11. Jull, G. Trott, P. et al. A Randomized Controlled Trial of Exercise and Manipulative Therapy for Cervicogenic Headache. Spine. 2002;27(17):1835–1843

12. Heckmann JG, Lang CJ, Zobelein I, Laumer R, Druschky A, Neundorfer B. Herniated cervical intervertebral discs with radiculopa- thy: an outcome study of conservatively or surgically treated patients. J Spinal Disord. 1999;12:396-401.

13. Honet JC, Puri K. Cervical radiculitis: treatment and results in 82 patients. Arch Phys Med Rehabil. 1976;57:12-16.

14. Sampath P, Bendebba M, Davis JD, Ducker T. Outcome in patients with cervical radiculopathy. Prospective, multicenter study with independent clinical review. Spine. 1999;24:591-597.

15. Graham N, Gross AR, Goldsmith C. Mechanical traction for mechanical neck disorders: a systematic review. J Rehabil Med. 2006;38:145-152.

16. Moeti P, Marchetti G. Clinical outcome from mechanical intermittent cervical traction for the treatment of cervical radiculopathy: a case series. J Orthop Sports Phys Ther. 2001;31:207-213.

17. Cleland, J; Whitman, J; Fritz, J; Palmer, J. Manual Physical Therapy, Cervical Traction and Strengthening Exercises in Patients with Cervical Radiculopathy: A Case Series. J Orthop Sports Phys Ther. 2005:35(12):802-809.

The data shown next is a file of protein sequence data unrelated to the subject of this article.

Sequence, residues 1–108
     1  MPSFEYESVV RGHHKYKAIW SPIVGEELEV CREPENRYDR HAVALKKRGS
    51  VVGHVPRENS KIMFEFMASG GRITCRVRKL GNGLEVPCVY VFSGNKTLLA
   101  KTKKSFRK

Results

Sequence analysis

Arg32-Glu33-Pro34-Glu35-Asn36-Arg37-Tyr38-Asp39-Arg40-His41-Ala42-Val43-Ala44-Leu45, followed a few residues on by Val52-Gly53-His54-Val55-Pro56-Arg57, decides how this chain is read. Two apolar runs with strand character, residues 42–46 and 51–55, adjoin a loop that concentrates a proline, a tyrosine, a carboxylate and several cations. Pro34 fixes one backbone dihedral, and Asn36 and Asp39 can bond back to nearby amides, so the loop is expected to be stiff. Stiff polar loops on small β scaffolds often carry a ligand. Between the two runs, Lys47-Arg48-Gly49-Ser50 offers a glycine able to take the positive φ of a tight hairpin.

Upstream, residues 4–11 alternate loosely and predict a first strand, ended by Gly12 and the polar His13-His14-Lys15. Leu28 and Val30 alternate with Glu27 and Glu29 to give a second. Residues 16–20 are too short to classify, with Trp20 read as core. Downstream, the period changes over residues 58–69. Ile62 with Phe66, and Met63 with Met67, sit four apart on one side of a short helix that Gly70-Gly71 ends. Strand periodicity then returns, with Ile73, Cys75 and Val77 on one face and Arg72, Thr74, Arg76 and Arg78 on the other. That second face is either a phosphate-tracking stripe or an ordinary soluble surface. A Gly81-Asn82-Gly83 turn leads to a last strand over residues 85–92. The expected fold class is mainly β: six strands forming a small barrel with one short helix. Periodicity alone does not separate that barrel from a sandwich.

18. Gonzalez-Iglesias, J., Fernandez-de-las-Penas, C., Cleland, J., & Gutierrez-Vega, M. (2009). Thoracic spine manipulation for the

management of patients with neck pain: a randomized clinical trial. Journal of Orthopaedic & Sports Physical Therapy, 39(1), 20-27.

19. Conlin A, Bhogal S, Sequeira K, Teasell R. Treatment of whiplash- associated disorders, part I: non-invasive interventions. Pain Res Manag. 2005;10:21-32.

20. Rosenfeld M, Gunnarsson R, Borenstein P. Early intervention in whiplash-associated disorders: a comparison of two treatment protocols. Spine. 2000;25:1782-1787.